President Trump said Wednesday that Russian President Vladimir Putin would have preferred Hillary Clinton as U.S. president instead of himself.
In an interview with Christian Broadcasting Network's Pat Robertson, the president said that Russia would have benefited from a Clinton victory because she would weaken the military and drive up energy prices.
"As an example, if Hillary had won, our military would be decimated. Our energy would be much more expensive. That's what Putin doesn't like about me. And that's why I say why would he want me? Because from day one I wanted a strong military, he doesn't want to see that. And from day one I want fracking and everything else to get energy prices low and to create tremendous energy," he said in the interview that airs Thursday.
"He would like Hillary where she wants to have windmills. He would much rather have that because energy prices would go up and Russia as you know relies very much on energy," he added.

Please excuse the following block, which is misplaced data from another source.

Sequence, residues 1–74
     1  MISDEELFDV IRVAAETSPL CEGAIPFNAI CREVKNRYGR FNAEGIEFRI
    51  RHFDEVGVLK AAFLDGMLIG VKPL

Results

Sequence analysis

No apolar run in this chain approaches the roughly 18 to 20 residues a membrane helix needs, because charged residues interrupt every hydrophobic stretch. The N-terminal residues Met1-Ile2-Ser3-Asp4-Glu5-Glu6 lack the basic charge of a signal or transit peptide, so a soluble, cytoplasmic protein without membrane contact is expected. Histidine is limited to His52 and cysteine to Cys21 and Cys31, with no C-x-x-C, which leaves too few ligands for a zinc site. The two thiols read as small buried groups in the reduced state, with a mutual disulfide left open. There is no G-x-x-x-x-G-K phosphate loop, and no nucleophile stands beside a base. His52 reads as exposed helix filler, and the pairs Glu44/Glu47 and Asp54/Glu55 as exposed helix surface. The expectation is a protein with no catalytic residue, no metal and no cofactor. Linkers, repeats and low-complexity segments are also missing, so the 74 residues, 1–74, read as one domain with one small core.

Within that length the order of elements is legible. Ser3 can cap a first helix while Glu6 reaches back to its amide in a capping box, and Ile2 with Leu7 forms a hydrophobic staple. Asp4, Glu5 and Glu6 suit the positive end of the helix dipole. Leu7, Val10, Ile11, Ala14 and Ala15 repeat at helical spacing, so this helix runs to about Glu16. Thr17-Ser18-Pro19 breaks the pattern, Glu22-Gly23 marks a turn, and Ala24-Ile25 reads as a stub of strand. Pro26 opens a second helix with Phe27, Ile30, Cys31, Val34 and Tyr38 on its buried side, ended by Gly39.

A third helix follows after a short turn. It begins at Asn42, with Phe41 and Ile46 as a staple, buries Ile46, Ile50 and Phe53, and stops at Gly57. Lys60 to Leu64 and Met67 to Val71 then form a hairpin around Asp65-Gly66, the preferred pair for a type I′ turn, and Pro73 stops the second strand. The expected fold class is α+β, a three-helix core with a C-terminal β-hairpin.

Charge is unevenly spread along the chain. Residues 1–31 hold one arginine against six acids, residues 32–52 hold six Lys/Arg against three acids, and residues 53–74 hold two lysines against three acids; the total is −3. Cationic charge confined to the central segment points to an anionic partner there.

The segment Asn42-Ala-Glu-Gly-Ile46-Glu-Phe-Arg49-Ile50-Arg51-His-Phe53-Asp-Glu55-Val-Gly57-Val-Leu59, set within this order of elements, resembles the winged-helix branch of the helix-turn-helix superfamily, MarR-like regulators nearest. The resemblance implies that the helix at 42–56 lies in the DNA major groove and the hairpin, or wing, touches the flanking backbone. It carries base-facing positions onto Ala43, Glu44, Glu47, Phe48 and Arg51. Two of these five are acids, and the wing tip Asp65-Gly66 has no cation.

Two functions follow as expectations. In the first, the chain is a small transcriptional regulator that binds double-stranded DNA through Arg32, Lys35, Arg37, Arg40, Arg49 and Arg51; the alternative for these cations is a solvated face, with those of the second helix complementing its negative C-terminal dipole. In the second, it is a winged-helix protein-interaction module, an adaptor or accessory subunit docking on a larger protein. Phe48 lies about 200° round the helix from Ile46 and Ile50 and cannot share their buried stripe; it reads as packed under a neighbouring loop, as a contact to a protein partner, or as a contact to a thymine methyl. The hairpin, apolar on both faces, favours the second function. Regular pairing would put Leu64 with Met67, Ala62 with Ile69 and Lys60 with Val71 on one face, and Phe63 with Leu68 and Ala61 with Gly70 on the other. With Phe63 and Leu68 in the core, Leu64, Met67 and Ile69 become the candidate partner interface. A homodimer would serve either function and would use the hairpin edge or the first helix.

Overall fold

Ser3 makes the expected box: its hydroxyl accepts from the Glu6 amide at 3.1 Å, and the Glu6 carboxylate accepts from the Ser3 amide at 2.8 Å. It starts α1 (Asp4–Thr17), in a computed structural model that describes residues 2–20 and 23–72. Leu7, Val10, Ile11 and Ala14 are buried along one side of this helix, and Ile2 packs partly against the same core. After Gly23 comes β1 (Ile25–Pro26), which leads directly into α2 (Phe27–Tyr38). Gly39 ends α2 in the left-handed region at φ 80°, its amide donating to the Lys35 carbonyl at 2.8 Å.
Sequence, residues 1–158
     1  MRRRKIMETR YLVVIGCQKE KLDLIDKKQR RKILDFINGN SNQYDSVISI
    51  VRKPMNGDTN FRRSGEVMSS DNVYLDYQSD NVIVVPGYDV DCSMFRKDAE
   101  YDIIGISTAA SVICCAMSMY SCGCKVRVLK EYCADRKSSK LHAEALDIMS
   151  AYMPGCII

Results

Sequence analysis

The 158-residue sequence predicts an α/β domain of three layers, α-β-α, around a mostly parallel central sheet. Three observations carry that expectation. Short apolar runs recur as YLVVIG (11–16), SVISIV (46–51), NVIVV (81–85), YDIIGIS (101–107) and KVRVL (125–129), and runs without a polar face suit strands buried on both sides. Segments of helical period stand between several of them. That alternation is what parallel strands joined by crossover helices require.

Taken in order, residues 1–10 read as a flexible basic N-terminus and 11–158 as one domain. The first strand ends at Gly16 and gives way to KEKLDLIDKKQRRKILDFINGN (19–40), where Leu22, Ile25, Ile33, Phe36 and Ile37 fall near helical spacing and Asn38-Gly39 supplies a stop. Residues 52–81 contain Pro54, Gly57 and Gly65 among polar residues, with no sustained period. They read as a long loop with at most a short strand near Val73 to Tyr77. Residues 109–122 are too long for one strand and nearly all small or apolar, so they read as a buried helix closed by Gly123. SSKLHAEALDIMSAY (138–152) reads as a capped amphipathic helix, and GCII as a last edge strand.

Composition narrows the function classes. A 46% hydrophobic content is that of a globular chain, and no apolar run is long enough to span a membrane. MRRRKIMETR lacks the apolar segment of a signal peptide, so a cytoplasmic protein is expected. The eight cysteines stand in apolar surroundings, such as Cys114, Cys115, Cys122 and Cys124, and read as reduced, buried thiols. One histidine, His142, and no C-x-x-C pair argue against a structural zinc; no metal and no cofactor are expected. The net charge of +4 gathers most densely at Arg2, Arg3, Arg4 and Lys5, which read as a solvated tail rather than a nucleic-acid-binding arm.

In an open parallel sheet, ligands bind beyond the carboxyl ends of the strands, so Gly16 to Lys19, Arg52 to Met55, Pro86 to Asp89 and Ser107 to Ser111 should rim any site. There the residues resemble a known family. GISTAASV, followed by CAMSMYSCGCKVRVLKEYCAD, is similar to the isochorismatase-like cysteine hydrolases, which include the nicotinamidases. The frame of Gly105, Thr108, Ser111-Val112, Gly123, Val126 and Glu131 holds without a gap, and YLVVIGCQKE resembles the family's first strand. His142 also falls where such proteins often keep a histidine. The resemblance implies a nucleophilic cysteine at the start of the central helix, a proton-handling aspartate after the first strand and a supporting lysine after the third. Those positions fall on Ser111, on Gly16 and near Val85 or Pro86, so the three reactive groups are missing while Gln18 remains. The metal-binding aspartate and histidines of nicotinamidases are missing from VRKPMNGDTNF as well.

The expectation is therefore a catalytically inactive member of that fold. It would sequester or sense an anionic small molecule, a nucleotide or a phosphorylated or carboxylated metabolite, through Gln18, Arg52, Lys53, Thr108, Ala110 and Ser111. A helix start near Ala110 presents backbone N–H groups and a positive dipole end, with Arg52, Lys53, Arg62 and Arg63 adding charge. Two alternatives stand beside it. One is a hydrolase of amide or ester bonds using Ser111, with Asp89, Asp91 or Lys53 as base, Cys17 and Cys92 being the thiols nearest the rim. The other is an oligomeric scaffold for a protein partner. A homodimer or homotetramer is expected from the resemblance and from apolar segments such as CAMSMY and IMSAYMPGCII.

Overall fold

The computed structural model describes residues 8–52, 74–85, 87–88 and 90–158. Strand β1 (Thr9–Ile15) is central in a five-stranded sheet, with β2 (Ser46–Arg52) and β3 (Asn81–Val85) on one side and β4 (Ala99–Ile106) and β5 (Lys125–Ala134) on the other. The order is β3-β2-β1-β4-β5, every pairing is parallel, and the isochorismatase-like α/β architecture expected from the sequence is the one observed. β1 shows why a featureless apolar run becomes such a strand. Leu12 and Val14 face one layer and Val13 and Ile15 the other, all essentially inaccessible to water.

The U.S. intelligence community, however,that Putin organized a campaign involving covert intelligence operations and overt propaganda to undermine faith in the U.S. election, disparage Clinton and help Mr. Trump's election chances.
Mr. Trump's comments come as his eldest son, Donald Trump Jr., is under scrutiny for a meeting he took with a Russian lawyer with ties to the Kremlin during the 2016 presidential campaign. Trump Jr. was told he'd receive damaging information on Clinton, the 2016 Democratic nominee, and that it was part of Russia's efforts to aid his father's candidacy.
During the interview, the president also warned that he will be "very angry" if Senate Republicans fail to pass legislation to repeal and replace Obamacare.
"I don't even want to talk about it because I think it would be very bad," he said. "I will be very angry about it and a lot of people will be very upset. But I'm sitting waiting for that bill to come to my desk. I hope that they do it. They've been promising it for years. They've been promising it ever since Obamacare, which is failed. It's a failed experiment. It is totally gone. It's out of business and we have to get this done. Repeal and replace."
Senate Republican leaders will publicly released a revamped version of their health care legislation Thursday and the White House expects a full score from the nonpartisan Congressional Budget Office (CBO) on Monday. The White House also expects the Senate to vote on a motion to proceed on Tuesday and then anticipates days of debate and amendment votes.